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Premier League Review – Week 7: The One With Only One Draw

Seven matches of the English Premier League in the bag, and the average person could be forgiven for thinking that there is already a familiar look to the table.

Premier League Review – Week 7: The One With Only One Draw


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Estimated Reading Time: 11 Minutes

Seven matches of the English Premier League in the bag, and the average person could be forgiven for thinking that there is already a familiar look to the table. The season is less than two months old, but there are teams that are destined to have a rough campaign and others who will be looking to challenge for the title.

Three teams remain unbeaten, three teams have not registered a win. The top five is filled with the big hitters, Manchester City are top, while the bottom half of the table has the usual suspects. And there are three teams in the top 10 who are seemingly punching above their weight.

The latest round of the EPL saw victories for Manchester City, Tottenham Hotspur, Arsenal, Everton, Bournemouth, Leicester, Burnley, Wolves and West Ham, with the Hammers beating Manchester United to heap more misery on Jose Mourinho. Out of the 10 games played, only one ended in a draw—Chelsea vs Liverpool—although it could be argued that this was both the game of the weekend and included a contender for Goal of the Season.

Even on a weekend that clashed with the emotion of the Ryder Cup, the EPL was filled with drama and (potentially) a Manchester-based storyline that may not end well. So let’s take a quick dive into what made the headlines and what we learned.

The vultures are circling around Mourinho

There is something rotten in the red half of Manchester. After a fractious week that included a draw at home to Wolves and a cup defeat to Championship side Derby, the “Special One” needed his side to roll up their sleeves and respond at West Ham. Which they didn’t. Again.

The 3-1 defeat at the London Stadium was desperate on nearly every level.

United – playing once again in those bizarre light pink shirts – were one down after five minutes and pedestrian throughout. West Ham, who lost their first four games of the season, tore into Mourinho’s boys and deserved their victory. Jose complained after the game that “one goal is offside, the second goal is an own goal and the third goal is the referee’s mistake,” but United were second best for 87 of the 90+ minutes.

Rumors of player discontent had rumbled along in the media all week, with Mourinho publicly announcing that Paul Pogba would not captain the team again after his performance against Wolves. Most of the talk around Manchester United in recent weeks has centered on the off-field atmosphere, and it is clear that Jose is facing one of the biggest challenges of his managerial career.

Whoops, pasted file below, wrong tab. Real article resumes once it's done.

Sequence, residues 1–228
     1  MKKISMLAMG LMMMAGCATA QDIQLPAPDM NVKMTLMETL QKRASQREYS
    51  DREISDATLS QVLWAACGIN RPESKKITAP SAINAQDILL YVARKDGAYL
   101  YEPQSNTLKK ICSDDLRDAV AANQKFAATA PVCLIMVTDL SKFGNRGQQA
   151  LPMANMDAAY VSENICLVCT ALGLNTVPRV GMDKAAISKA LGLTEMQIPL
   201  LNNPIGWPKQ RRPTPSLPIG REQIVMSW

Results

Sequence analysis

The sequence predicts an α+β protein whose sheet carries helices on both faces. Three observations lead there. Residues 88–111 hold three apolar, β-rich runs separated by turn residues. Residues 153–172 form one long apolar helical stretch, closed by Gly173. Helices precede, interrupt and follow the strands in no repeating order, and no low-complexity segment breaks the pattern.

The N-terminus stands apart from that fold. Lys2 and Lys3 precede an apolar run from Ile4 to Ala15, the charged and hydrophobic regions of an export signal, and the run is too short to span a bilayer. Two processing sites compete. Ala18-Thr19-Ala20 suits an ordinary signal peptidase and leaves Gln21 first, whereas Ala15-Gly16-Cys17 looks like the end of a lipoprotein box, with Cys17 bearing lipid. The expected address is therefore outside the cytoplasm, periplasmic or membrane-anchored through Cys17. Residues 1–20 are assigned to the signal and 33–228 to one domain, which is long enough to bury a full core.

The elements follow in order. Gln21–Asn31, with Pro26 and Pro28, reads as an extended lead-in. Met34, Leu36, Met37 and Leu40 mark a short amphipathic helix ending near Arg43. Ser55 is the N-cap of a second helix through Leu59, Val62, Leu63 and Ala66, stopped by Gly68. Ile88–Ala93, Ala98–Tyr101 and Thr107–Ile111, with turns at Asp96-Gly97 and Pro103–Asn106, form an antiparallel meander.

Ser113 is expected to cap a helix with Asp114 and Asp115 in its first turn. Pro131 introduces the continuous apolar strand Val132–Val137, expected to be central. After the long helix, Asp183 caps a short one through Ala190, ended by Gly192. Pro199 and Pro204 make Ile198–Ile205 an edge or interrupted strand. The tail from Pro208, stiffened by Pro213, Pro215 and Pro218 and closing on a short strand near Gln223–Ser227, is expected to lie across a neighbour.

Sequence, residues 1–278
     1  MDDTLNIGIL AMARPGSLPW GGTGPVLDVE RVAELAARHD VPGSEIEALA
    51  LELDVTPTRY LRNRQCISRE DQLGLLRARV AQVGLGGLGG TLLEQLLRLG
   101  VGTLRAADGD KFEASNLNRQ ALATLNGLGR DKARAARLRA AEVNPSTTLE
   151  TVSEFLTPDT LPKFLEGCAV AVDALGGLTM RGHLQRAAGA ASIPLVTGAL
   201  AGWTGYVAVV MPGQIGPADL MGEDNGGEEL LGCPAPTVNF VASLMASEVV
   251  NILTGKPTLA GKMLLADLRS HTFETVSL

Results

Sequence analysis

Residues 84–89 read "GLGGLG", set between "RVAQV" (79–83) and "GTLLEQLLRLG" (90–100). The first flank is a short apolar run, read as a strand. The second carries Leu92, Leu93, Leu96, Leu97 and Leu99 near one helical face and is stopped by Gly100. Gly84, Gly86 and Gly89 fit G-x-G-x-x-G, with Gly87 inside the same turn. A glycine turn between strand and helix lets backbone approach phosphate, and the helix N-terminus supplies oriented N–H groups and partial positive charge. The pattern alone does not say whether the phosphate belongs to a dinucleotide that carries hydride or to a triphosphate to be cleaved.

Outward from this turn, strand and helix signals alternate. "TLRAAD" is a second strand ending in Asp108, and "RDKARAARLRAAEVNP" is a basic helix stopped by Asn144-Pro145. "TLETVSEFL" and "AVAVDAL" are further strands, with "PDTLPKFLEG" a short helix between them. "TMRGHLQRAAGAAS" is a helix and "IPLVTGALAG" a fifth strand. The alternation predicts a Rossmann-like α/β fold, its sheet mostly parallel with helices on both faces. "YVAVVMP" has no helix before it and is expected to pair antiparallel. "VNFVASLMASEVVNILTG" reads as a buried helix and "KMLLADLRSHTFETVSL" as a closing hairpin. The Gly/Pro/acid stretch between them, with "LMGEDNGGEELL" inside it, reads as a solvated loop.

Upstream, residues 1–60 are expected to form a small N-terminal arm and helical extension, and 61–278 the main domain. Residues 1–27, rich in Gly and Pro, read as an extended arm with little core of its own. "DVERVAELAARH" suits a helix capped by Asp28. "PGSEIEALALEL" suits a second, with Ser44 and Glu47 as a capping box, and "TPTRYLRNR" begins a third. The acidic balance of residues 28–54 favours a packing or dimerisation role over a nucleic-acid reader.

Nothing cheers up the soccer media like a good crisis at a major club, with United, according to former midfielder Paul Scholes, in “a bit of a mess.” Record signing Pogba was taken off after 70 minutes at West Ham, although Mourinho did sort of pat him on the back as he left the field. The defeat means that United have made their worst start to a season since 1989-90 and last season’s runner-up position to Manchester City is already looking a distant memory.

I am not a fan of Mourinho and take some vicarious pleasure in his current struggles. However, Manchester United is a global brand and there is an argument that the club is still coming to terms with the departure of long-time manager Sir Alex Ferguson in 2013.

Mourinho is the third person to fill the manager’s chair since Sir Alex retired, and it is fair to say that (despite winning two trophies in his first season) he has not really covered himself in glory.

Public criticism of his players has become part of his routine, with the negative vibes around the club contributing to a feeling among former United players that not only could Jose be on his way out of Old Trafford but also turn the club into a “circus” if he doesn’t leave. Off-field problems aside, the team are struggling to play the sort of football that made them a feared opponent for over 20 years, with the consensus being that something needs to change … and fast.

Whether that change includes Mourinho remains to be seen.

Newcastle fans deserve our sympathy

After Week 5, Turf writer Ryan Matott said that Newcastle owner and chairman Mike Ashley needed to find another way to spend his time. And I have to agree.

Ashley actually turned up to watch his club’s latest defeat—a 2-0 home loss to Leicester City—and probably wished that he had stayed away. The Newcastle owner had not been to St. James Park since May 2017 and fans chanted “Stand up if you hate Ashley” for most of the game. Which he apparently found vaguely amusing.